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THE MILITARY RESOURCES OF GERMANY. Ar the present moment, when we are all anxiously awaiting whether Austria will declare herself our firm and honourable ally, and so furnish a counterpoise to the daily growing Prussian sympathy for the Czar, it is most certainly an interesting question—at least to our readers of the sterner sex-to know what the available resources of Germany, in a military point of view, really are. With the view of furnishing such statistics as may be relied on, we have, therefore, been at some trouble in collecting information on this highly important subject from such sources as were at our command; and

among these we may mention more especially the numerous and excellent military papers which periodically appear in Germany. But a difficulty occurs to us at the outset, as to which will be the most fitting way of treating our subject : the Germans ridicule us for our gross ignorance when we divide Germany into Austria, Prussia, and Germany; but can they suggest any more sensible division? It is impossible to be continually repeating the names of thirty-seven royalets and dukes, whenever we wish to write of Germany, minus the two great Powers, and, consequently, the simplest plan will be for us, in our résumé, to adhere to such a division, and treat of the forces of Austria, Prussia, and the army of the Confederation.

It must be borne in mind that the two Powers are only Bundespflichtig, or bound to supply forces to the Confederation for those countries which form an integral part of Germany proper ; that is to say, Austria, for the kingdom of Austria, Bohemia, Styria, Carnia and Carinthia, Austrian Friuli with Trieste, the County of Tyrol with the Vorarlberg, Moravia and Austrian Silesia. Prussia, on the other hand, for Pomerania, the Marks, Saxony, Silesia, Westphalia, and the Rhenish Provinces. It will, therefore, be advisable to regard the military strength of these two great Powers in detail, and defer any statement of their Bundes-Contingent till we arrive at that section of our paper.


1. INFANTRY.-Austria has 77 regiments and 26 battalions of infantry, of which 62 are regiments of the line, 14 regiments and i battalion of border infantry (Gränzer), and 1 regiment and 25 battalions of chasseurs. Each battalion of the line is composed of 1324 effectives of all grades, and each regiment contains 5 battalions. After making the necessary deductions, we bring the strength of each regiment to 5964 men, and, consequently, the entire strength of the 62 line infantry regiments will amount to 369,800 men, including depôts. In the border regiments each regiment contains 3847 men, and the entire strength of this branch of the service, with reserves, may be estimated at 55,200 men. In all these regiments, 2 corporals and 16 tirailleurs in each company are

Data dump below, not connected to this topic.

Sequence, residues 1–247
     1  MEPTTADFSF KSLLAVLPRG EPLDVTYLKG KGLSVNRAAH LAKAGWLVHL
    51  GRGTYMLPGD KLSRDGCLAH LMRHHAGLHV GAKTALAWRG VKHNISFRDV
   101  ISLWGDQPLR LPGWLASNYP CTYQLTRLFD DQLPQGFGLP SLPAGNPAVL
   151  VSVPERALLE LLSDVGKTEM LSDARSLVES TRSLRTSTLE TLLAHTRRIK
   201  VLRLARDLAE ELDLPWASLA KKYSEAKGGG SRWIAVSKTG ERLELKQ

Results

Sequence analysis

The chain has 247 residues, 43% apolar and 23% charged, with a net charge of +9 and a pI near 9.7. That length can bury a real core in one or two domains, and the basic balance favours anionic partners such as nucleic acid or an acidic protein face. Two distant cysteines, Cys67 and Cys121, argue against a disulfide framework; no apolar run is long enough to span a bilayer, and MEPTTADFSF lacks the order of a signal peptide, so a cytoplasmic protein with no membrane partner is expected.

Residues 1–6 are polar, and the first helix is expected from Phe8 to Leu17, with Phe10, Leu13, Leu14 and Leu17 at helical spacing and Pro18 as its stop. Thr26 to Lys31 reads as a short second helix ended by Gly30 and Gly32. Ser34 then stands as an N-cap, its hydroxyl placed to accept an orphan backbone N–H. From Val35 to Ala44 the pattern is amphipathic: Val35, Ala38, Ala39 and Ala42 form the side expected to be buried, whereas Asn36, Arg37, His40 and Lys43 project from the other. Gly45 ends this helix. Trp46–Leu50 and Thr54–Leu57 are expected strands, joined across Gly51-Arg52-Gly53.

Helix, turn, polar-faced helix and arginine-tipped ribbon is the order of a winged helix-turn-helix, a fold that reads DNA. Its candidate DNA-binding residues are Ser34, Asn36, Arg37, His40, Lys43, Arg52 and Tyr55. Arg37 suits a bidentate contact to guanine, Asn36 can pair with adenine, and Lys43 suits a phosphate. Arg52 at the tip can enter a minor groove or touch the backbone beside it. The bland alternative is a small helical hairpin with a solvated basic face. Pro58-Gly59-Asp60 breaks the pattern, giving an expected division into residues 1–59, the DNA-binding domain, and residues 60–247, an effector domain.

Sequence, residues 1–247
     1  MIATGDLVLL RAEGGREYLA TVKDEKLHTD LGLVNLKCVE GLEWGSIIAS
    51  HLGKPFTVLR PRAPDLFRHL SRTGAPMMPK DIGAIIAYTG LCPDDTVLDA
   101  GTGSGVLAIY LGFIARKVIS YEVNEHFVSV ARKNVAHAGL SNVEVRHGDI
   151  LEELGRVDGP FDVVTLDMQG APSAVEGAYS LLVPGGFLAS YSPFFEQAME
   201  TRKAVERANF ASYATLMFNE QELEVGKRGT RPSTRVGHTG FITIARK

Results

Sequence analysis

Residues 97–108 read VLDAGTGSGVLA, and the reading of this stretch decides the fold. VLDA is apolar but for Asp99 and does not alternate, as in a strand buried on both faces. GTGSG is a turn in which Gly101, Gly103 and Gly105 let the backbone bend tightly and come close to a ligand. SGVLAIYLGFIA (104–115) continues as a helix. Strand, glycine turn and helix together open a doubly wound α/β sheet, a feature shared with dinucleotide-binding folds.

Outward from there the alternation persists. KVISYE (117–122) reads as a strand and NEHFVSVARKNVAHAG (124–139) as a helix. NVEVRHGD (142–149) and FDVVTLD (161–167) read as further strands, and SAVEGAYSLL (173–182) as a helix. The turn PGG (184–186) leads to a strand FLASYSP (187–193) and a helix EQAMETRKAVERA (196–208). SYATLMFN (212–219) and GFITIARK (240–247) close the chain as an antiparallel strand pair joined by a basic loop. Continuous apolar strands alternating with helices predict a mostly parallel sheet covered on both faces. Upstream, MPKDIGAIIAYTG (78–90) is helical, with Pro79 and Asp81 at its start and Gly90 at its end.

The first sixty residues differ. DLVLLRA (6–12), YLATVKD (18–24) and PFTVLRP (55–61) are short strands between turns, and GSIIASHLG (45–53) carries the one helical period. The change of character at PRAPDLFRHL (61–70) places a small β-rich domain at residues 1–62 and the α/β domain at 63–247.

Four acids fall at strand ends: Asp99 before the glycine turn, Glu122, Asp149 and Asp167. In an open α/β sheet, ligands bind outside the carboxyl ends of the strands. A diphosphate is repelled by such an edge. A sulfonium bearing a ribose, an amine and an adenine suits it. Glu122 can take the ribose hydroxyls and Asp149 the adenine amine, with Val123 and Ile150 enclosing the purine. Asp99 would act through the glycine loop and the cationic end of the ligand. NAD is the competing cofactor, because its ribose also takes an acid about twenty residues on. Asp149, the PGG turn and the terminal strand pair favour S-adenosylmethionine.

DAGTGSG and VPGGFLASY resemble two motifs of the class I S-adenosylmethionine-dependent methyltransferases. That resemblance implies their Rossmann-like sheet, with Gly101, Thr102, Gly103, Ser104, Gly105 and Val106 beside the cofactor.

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armed with rifles and sword-bayonets; the remainder of the company with percussion muskets and bayonets. Each battalion of chasseurs contains about 1200 men, and their whole strength with depôt, including the imperial chasseur regiment of 7 battalions, is 32,500 men. The chasseurs are all armed with rifles and sword-bayonets.

Recapitulation. 62 Regiments of the line

369,800 men 14 Regiments of the gränzer

55,200 1 Regiment and 25 battalions chasseurs...... 32,500

2. CAVALRY.--The Austrian cavalry amounts altogether to 40 regi.
ments, of which 16 are heavy-viz., 8 cuirassier and 8 dragoon; and
24 light-12 hussar and 12 uhlan. Each cuirassier or dragoon regi-
ment, without depôt, contains 1204 of all grades, with 1025 horses, and,
consequently, the strength of the heavy cavalry is 19,264 men, 16,400
horses. The light hussar or uhlan regiments each contain 1808 men,
with 1596 horses; and their total strength, without depôts, is equal to
43,392 men, with 38,304 horses. In the cuirassier, dragoon, and uhlan
regiments, 16 men are armed with rifled carbines and one pistol ; the
remainder with two pistols. In the hussars one-half has smooth-bored
carbines; the other half, rifles, and, in addition, one pistol apiece.

The heavy cavalry regiments

19,264 men
The light cavalry regiments


62,656 The depots bring up this strength to 67,000 men, with 57,300 horses.

3. ARTILLERY. - In Austria a distinction is made between field artillery, fortress artillery, and technical artillery. Very recently, the artillery has been reorganised as follows:

12 Field-artillery regiments
1 Rocket regiment
1 Coast-artillery regiment

8 Battalions of fortress artillery
and the entire strength of the artillery, with reserve, may be estimated at
135 batteries, 8 battalions, and about 47,000 men. Each artillery regi-
ment on a war footing has four 6-pounder foot, six cavalry, three 12-
pounder foot batteries, and one long howitzer battery of eight guns, and
the strength of each regiment may be estimated at 4000 men and 2340

4. ENGINEERS.—The engineers' corps is divided into the engineers' staff and the engineer troops. The former contains 13 generals, 55 staff officers, and 150 general officers. An engineer regiment is made up as follows: 3 Battalions of 6 companies of 220 men......

}=5370 men 1 Depôt battalion of 6 companies of 1334 men The companies are composed of one-quarter miners and three-fourths sappers, and the entire strength of the engineers' corps may be estimated at 11,100 men.

5. PIONEERS.— This branch is made up of 4 battalions, each of 6 companies, which are instructed in pioneering and pontooning, and

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